The best of EcoWatch, right in your inbox. Sign up for our email newsletter!
World's Largest Battery and Rapid-Charge Network Launches to Accelerate EV Adoption
London-based Pivot Power unveiled plans to build the world's first national network of grid-scale batteries and rapid-charge stations across the UK to accelerate electric vehicle (EV) adoption and to usher in low-carbon transport.
The ambitious £1.6 billion ($2.1 billion) initiative consists of 50-megawatt batteries constructed at 45 sites around the country and located near towns and major roads. The hubs will be installed at electricity sub-stations to help National Grid manage supply and demand.
Pivot Power aims to address the three major barriers to EV adoption identified by the country's Department for Transport: Availability of chargers, range of a charge, and cost. The company says it will offer mass charging at competitive rates, which will also help lower the costs of EV ownership.
Britain intends to ban all new gasoline- and diesel-fueled vehicles by 2040, so it must ramp up its charging infrastructure to keep pace with electric car adoption. More EVs on the road will also bring more strain on the nation's power grid.
"We expect the use of electric vehicles to grow rapidly," said Graeme Cooper, National Grid project director for electric vehicles, in a statement. "This innovative solution will help accelerate adoption by providing a network of rapid charging stations across the country enabling cars to charge quickly, efficiently and as cost-effectively as possible."
"It will also give the system operator more choice and flexibility for managing the demands in the day to day running of the network, and also help mass EV charging," Cooper added.
The 2-gigawatt battery network will also be the world's largest. The total capacity can store enough electricity to supply 235,000 average homes for a day, or about two thirds the power of the planned Hinkley C nuclear power plant, the company touted in a press release.
Pivot Power plans to have operational batteries at 10 sites in the next 18 months. A site on the south coast, pending planning approval, could be operational by the middle of 2019. These hubs can support various infrastructure, including public rapid charging stations, electric bus depots and bases for large transport fleets.
"We want to future-proof the UK's energy system and accelerate the electric vehicle revolution, helping the UK to clean up its air and meet climate targets," Pivot Power CEO Matt Allen said in a statement. "Big problems require big solutions, and we are moving fast to put in place a unique network to support a clean, affordable, secure energy system and embrace the low-carbon economy."
Michael Liebreich, the founder of Bloomberg New Energy Finance, is an advisor and early investor in Pivot Power.
"Renewables, batteries and electric vehicles are going to completely transform our power system, not just because they help clean up our horrible air quality and meet our climate targets, but because their costs are falling far faster than people realize," he stated.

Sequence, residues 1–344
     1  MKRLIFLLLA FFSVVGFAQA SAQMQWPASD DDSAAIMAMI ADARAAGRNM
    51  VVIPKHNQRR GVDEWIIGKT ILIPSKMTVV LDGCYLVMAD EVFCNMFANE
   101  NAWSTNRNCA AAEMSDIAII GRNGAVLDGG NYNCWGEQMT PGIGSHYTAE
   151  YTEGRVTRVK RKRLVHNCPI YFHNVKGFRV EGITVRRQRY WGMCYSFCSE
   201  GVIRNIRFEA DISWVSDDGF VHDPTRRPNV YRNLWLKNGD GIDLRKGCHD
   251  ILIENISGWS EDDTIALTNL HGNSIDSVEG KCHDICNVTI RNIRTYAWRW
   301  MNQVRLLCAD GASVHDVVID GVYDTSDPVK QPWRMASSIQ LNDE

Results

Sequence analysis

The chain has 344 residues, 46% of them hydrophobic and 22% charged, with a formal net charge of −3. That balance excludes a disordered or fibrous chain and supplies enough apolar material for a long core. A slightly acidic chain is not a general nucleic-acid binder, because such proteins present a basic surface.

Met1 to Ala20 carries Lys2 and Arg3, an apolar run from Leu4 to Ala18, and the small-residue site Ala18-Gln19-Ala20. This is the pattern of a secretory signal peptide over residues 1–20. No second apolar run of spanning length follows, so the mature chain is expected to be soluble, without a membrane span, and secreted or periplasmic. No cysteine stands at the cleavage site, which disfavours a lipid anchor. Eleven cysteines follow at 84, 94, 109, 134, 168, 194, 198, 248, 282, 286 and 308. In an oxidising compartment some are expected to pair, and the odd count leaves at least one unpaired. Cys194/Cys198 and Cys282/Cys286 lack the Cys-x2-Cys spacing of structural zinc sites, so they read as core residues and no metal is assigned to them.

- In Colorado, a glimpse of renewable energy's insanely cheap future ... ›
- Big Batteries Are Taking a Bite Out of the Power Market - WSJ ›
- Fisticuffs Over the Route to a Clean-Energy Future - The New York ... ›
EcoWatch Daily Newsletter
David Gilmour, guitarist, singer and songwriter in the rock band Pink Floyd, set a record last week when he auctioned off 126 guitars and raised $21.5 million for ClientEarth, a non-profit environmental law group dedicated to fighting the global climate crisis, according to CNN.
The Trump administration ratcheted up its open hostility to climate science in a move that may hide essential information from the nation's farmers.
Police have cleared 250 climate activists who stayed overnight at the Garzweiler brown coal mine in western Germany, officials said Sunday.
By Megan Jones and Jennifer Solomon
The #MeToo movement has caused profound shake-ups at organizations across the U.S. in the last two years. So far, however, it has left many unresolved questions about how workplaces can be more inclusive and equitable for women and other diverse groups.
By Tara Lohan
By now it's no secret that plastic waste in our oceans is a global epidemic. When some of it washes ashore — plastic bottles, plastic bags, food wrappers — we get a stark reminder. And lately one part of this problem has been most glaring to volunteers who comb beaches picking up trash: cigarette butts.
Andrea Rodgers, second from the right, takes notes during a hearing in the Juliana v. U.S. case before the 9th Circuit Court of Appeals in Portland, Oregon on June 4. Colleague Elizabeth Brown sits to her left, while colleague Julia Olson sits on her right, with co-council Philip Gregory on Julia's right. Robin Loznak / Our Children's Trust
By Fran Korten
On June 4, Andrea Rodgers was in the front row of attorneys sitting before a three-judge panel of the 9th Circuit Court. The court session, held in Portland, Oregon, was to determine whether the climate change lawsuit (Juliana v. United States) brought by 21 young plaintiffs should be dismissed, as requested by the U.S. government, or go on to trial.